The International Monetary Fund lacks the financial firepower needed to support all the countries embroiled in the debt crisis, the Washington-based lender’s head suggests.
A memo sent by Christine Lagarde (pictured), the managing director of the IMF, to the fund’s steering committee says its resources are adequate for the time being but may be unable to meet the demands of any escalation in the crisis playing out on the eurozone’s periphery.
“Our lending capacity of almost $400 billion [£253.2 billion] looks comfortable today but pales in comparison with the potential financing needs of vulnerable countries and crisis bystanders,” the briefing reads.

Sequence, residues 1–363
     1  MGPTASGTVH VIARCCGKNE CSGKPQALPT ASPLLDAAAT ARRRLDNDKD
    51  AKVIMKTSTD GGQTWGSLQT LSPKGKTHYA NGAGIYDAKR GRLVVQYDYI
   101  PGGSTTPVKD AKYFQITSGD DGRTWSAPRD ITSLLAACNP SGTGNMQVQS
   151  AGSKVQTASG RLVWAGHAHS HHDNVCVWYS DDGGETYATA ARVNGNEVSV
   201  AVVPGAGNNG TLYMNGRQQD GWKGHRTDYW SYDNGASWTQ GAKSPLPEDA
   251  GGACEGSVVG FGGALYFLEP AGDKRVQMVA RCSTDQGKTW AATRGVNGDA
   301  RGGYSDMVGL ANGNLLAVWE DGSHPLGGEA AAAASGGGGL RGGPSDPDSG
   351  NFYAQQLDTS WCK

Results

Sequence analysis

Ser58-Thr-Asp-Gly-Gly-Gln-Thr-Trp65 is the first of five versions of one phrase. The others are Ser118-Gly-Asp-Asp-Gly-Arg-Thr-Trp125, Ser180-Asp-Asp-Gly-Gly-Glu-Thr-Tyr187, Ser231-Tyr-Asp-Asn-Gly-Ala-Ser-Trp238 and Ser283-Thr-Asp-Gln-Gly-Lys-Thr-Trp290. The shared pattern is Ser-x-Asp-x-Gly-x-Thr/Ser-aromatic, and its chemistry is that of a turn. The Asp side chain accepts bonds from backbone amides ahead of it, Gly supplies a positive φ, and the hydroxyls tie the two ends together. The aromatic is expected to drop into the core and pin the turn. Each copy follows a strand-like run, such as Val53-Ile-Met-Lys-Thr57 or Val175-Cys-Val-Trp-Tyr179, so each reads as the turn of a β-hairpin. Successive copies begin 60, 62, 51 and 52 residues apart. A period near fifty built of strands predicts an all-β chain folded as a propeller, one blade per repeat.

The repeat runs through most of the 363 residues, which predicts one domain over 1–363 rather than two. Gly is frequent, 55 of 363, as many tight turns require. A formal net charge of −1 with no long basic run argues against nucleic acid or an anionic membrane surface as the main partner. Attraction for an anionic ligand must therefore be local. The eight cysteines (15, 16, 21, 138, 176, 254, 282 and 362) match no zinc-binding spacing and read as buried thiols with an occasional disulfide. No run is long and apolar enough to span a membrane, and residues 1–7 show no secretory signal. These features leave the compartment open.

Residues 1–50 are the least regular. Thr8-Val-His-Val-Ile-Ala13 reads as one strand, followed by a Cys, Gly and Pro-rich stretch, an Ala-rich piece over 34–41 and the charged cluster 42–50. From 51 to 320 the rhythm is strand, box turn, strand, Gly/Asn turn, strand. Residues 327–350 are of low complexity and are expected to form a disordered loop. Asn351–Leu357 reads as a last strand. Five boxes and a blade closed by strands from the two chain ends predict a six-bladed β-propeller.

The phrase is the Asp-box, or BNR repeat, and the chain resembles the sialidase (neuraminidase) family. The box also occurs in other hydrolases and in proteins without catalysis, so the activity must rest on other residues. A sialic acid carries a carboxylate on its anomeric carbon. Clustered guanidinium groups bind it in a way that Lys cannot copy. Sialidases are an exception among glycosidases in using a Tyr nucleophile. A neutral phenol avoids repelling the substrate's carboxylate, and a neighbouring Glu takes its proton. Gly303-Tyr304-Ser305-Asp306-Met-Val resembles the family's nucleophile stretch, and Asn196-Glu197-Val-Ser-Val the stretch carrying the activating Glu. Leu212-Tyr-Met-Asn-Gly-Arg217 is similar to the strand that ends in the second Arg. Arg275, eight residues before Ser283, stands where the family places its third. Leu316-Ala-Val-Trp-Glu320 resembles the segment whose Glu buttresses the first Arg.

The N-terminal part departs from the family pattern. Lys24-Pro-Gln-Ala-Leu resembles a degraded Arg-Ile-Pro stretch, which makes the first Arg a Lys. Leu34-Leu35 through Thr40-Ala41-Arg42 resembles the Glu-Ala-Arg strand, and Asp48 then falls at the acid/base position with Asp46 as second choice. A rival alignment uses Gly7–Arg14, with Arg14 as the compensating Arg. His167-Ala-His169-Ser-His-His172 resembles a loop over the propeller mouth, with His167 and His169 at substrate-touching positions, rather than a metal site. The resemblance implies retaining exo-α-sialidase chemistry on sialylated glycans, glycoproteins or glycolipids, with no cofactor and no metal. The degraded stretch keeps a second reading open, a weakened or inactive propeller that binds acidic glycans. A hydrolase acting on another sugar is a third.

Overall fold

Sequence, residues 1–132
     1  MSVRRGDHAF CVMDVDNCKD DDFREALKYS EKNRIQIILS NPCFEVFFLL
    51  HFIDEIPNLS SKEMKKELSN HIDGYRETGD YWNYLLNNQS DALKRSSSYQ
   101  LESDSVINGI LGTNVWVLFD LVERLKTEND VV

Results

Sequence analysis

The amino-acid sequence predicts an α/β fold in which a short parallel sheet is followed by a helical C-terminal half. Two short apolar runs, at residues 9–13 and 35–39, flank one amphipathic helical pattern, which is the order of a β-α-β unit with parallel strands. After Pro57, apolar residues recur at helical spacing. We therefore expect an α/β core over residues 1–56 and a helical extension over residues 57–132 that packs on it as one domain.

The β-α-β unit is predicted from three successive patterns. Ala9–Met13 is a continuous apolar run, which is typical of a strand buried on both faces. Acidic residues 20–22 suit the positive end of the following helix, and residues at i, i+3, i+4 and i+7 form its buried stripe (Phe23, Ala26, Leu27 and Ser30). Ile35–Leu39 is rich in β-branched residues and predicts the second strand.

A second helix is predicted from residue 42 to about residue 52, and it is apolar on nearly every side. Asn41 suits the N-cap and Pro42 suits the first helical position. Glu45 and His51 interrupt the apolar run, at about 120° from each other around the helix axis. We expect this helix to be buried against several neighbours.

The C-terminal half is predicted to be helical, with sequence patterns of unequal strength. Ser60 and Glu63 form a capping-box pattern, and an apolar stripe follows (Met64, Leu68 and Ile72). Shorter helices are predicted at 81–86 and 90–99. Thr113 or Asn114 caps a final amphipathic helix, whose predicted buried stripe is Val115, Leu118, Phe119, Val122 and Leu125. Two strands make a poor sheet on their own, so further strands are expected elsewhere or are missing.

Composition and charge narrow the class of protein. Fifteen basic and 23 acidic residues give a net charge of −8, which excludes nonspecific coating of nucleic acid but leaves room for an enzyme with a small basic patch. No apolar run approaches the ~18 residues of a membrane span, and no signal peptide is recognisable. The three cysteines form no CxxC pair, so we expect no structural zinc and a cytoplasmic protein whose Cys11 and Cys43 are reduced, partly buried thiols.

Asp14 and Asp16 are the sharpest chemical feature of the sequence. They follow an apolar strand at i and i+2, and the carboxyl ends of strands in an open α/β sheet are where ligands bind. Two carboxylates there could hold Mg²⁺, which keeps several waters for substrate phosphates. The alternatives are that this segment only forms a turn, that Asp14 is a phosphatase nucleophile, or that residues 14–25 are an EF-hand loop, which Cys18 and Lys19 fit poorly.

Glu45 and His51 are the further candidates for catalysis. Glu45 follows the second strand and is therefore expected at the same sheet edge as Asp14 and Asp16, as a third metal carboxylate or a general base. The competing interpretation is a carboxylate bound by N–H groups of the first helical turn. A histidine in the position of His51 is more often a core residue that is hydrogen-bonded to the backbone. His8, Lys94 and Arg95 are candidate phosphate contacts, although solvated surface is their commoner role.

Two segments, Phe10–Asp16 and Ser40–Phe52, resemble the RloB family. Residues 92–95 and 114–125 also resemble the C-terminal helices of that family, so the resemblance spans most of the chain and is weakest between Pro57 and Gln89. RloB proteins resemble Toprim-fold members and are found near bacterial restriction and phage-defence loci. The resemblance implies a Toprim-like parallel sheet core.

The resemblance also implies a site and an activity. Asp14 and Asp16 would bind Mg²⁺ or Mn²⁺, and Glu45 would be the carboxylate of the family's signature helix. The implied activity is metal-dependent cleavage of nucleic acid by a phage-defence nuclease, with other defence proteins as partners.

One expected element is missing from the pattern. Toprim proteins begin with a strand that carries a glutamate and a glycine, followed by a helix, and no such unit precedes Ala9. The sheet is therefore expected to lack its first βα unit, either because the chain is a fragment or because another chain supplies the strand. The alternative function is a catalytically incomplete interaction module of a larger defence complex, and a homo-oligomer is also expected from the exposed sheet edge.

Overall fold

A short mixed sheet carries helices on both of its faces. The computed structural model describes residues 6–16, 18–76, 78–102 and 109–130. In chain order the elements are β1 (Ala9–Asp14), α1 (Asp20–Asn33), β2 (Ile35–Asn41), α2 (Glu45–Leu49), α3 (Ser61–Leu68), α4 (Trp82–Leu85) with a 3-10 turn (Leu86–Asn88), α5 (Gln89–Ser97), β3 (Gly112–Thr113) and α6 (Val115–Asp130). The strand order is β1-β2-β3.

“It will be useful to discuss, soon, the needs and contingency options.”
Lagarde adds that further action is needed by member countries to bring in the fund’s quota reforms agreed in 2010 and keep the review of quotas scheduled for 2013 on track.
She also warns that the IMF’s “credibility, and hence effectiveness,” depends on its perceived capacity to respond to worst-case scenarios.